The quartet of spacecraft tasked with monitoring space weather are now in a tiny pyramid of satellites flying in a tighter formation than ever attempted before.
Hurricanes and blizzards are petty trifles compared with the weather phenomenon that troubles apocalypse preppers: They’re worried about a giant electromagnetic storm wiping out all technology.
We all know that major storms can wreak havoc, flooding cities and decimating infrastructure. But there’s an even bigger worry than wind and rain: space weather. If a massive solar storm hit us, our technology would be wiped out. The entire planet could go dark.
A massive solar storm in July 2012 was more intense than thought—and it blasted right through the Earth's orbit. Luckily for us, we were on the other side of the sun, thus missing the chaos completely. But if that storm had hit this beautiful little blue marble in space? "The solar bursts would have enveloped Earth in…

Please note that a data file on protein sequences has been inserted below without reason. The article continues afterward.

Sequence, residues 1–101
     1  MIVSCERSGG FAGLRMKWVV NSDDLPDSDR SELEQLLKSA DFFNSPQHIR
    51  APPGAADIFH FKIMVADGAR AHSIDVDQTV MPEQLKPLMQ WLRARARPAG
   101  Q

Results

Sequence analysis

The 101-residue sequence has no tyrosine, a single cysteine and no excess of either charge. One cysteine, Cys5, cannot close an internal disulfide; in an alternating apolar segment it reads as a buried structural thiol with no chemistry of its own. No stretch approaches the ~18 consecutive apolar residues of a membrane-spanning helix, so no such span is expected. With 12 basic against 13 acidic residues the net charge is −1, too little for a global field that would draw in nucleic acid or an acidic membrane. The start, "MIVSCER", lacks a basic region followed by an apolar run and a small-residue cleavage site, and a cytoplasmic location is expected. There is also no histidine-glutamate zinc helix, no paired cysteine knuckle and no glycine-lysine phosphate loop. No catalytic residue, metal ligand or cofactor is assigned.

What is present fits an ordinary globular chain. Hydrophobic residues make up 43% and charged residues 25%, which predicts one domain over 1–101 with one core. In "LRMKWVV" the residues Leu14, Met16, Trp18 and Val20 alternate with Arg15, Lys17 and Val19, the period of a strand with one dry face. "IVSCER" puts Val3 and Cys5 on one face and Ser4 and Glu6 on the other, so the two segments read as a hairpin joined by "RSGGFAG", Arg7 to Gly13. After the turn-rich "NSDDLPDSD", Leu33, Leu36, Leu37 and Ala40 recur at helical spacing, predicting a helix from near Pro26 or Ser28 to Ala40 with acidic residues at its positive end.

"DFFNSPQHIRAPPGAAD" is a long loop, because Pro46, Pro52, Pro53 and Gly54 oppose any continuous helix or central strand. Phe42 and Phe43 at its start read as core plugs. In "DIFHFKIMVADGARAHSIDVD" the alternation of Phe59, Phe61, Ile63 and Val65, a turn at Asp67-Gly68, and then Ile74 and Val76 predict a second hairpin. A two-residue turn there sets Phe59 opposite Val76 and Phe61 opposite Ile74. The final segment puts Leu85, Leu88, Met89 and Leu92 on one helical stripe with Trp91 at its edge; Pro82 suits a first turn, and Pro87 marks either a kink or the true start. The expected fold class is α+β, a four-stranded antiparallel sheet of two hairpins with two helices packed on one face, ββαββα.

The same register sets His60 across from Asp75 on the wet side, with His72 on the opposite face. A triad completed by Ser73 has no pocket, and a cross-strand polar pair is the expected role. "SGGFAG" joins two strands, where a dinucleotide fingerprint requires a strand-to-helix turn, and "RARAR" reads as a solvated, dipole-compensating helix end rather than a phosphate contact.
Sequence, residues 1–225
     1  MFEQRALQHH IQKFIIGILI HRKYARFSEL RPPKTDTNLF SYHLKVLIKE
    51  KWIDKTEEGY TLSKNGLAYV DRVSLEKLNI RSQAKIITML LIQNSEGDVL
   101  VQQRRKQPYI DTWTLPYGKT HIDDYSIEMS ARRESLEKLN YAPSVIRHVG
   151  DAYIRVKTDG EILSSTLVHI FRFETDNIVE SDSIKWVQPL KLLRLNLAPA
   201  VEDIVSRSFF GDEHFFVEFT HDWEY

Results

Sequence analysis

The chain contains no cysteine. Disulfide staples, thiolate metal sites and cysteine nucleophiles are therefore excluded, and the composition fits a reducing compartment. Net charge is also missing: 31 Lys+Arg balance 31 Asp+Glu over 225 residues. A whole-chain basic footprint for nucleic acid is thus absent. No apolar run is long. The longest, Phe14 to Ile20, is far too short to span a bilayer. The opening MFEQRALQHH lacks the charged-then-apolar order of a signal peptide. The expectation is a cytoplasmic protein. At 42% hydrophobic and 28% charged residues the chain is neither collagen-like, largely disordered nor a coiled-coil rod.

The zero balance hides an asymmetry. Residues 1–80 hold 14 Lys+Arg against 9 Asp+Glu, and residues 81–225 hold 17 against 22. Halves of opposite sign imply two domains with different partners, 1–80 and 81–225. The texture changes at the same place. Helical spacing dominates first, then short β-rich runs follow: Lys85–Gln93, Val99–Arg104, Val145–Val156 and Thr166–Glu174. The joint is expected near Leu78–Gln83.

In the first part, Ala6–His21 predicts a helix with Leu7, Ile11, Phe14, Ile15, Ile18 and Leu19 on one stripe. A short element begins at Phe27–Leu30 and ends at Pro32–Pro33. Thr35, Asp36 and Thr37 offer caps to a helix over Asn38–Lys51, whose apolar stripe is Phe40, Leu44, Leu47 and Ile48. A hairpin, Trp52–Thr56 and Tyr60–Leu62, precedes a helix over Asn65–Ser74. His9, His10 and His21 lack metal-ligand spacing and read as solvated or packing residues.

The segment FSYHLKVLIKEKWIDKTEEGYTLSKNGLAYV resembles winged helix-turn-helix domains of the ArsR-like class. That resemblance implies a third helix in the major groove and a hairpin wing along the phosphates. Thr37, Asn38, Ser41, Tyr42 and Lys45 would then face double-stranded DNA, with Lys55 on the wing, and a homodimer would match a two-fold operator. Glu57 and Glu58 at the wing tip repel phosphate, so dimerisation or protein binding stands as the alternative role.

Millions of charged particles are rushing toward earth after a gigantic solar flare on Tuesday. Bad news for NASA's latest mission, but good news for sky-watchers: Those charged particles also collide with the earth's atmosphere to produce the ethereal-looking northern lights.
Worried about an important satellite transmission? The UK's Meteorological Office will begin offering daily space weather forecasts to warn against solar storms that can knock out power grids, radios, and satellite-based tech like GPS. Solar storm activity follows a 11-year cycle, and we're approaching a maximum right…
On January 22, an M8.7 class flare helped cause the biggest solar storm since 2005. Airplanes had to change routes, and the power grid and satellites were affected. It also caused some of the best auroras ever seen.
The largest solar storm since 2005 is now in progress, causing fluctuations on the power grid and disruptions to the Global Positioning System. The ongoing strong proton storm is in full fury. And it's getting stronger; a Coronal Mass Ejection (CME) impact also impacting us, traveling at 1,400 miles per second.